Skip to main content

Security Backdoors are Bad News—But Some Lawmakers Are Taking Action to Close Them

DEEPLINKS BLOG
December 9, 2014

Security Backdoors are Bad News—But Some Lawmakers Are Taking Action to Close Them

As many privacy advocates have pointed out recently, it looks like some people in the federal government are intent on reviving the failed Crypto Wars of the 90s. And despite recent assurances, the National Institute of Standards and Technology (NIST) still hasn’t done enough to address NSA’s involvement in the creation of encryption standards. Fortunately, some lawmakers are taking security seriously.

You may remember that back in June, the House of Representatives voted overwhelmingly  (293-123) to approve the Massie-Lofgren amendment to the 2015 Department of Defense Appropriations bill, which would have defunded the NSA’s attempts to build security backdoors into products and services. Although the amendment may have been stripped from the final appropriations bill, all’s not lost. On Thursday, Senator Ron Wyden introduced some of the same language from the amendment as the Secure Data Act of 2014 [pdf].

The Secure Data Act starts to address the problem of backdoors by prohibiting any agency from “mandate[ing] that a manufacturer, developer, or seller of covered products design or alter the security functions in its product or service to allow the surveillance of any user of such product or service, or to allow the physical search of such product, by any agency.” Representative Lofgren has introduced a companion bill in the House, co-sponsored by 4 Republicans and 5 Democrats.

The legislation isn’t comprehensive, of course. As some have pointed out, it only prohibits agencies from requiring a company to build a backdoor. The NSA can still do its best to convince companies to do so voluntarily. And sometimes, the NSA’s “best convincing” is a $10 million contract with a security firm like RSA.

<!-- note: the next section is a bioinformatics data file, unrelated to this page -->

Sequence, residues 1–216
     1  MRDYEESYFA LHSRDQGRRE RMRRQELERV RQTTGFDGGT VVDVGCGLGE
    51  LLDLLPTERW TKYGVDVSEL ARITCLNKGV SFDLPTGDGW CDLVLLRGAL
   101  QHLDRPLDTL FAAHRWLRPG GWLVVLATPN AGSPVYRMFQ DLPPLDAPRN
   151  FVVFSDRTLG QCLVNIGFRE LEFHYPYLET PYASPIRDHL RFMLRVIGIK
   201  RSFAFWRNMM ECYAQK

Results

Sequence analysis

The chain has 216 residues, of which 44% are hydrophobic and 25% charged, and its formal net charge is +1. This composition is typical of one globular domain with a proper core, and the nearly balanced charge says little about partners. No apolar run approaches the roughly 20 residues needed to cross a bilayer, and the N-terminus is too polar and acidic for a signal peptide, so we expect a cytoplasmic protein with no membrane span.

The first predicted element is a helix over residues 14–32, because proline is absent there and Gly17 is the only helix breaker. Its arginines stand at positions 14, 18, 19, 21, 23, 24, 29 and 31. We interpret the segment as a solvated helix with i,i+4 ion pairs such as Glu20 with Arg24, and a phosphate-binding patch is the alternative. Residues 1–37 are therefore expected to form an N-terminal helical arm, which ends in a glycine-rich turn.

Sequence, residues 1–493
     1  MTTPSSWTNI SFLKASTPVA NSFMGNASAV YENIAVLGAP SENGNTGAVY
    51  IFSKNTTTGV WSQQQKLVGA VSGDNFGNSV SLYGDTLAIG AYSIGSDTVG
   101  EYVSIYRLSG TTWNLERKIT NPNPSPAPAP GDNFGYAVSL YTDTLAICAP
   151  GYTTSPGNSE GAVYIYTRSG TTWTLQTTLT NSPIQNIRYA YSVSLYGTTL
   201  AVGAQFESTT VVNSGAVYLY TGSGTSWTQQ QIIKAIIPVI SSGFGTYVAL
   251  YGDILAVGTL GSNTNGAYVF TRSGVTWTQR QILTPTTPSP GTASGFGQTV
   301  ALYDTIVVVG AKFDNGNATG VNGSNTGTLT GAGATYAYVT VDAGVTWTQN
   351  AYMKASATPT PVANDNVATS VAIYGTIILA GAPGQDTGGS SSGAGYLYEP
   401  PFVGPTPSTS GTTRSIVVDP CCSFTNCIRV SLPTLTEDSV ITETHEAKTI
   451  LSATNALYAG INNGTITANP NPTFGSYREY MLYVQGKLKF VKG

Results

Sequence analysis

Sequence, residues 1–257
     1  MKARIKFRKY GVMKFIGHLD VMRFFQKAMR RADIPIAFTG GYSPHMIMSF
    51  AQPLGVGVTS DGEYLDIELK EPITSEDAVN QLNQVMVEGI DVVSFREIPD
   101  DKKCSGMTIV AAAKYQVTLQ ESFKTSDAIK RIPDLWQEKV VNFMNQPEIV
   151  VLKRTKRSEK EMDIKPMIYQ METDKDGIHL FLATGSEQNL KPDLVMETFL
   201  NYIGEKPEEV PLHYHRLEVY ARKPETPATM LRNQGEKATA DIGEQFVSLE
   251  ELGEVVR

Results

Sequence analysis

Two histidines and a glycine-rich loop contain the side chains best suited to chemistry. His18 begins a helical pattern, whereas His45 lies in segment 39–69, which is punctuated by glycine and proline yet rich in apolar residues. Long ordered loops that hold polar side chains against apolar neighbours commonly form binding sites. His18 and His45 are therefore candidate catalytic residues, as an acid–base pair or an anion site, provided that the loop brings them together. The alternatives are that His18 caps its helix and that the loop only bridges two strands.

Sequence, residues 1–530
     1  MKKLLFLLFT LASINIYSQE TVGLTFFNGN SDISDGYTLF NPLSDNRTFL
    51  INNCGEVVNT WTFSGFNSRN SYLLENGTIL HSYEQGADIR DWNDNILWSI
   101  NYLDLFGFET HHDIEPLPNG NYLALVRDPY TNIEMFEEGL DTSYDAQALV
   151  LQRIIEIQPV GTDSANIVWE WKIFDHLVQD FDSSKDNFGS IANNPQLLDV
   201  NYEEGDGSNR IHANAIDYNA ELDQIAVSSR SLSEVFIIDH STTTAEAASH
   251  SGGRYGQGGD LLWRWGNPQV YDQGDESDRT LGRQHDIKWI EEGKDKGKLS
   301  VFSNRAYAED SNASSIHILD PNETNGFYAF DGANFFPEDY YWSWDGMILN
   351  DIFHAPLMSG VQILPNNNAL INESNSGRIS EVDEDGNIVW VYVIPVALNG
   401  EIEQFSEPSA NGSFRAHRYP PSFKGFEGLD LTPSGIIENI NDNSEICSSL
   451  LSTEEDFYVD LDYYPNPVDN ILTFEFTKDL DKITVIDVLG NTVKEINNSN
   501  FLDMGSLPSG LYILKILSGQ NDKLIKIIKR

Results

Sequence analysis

The legislation also doesn’t change the Communications Assistance for Law Enforcement Act (CALEA.) CALEA, passed in 1994, is a law that forced telephone companies to redesign their network architectures to make it easier for law enforcement to wiretap telephone calls. In 2006, the D.C. Circuit upheld the FCC's reinterpretation of CALEA to also include facilities-based broadband Internet access and VoIP service, although it doesn't apply to cell phone manufacturers.

That being said, this legislation is a good thing. First and foremost, it’s important to remind the incoming (and overwhelmingly Republican) Congress that NSA spying isn’t a partisan issue. The bipartisan Massie-Lofgren amendment garnered votes from Republicans, Democrats, and Independents. And like the Massie-Lofgren amendment, Democrats and Republicans are already supporting this legislation. While it’s not likely that Congress will touch the Secure Data Act this term, by introducing this legislation Senator Wyden and Representative Lofgren have made it clear that they will continue to push for privacy, civil liberties—and strong security.

Related Issues

JavaScript license information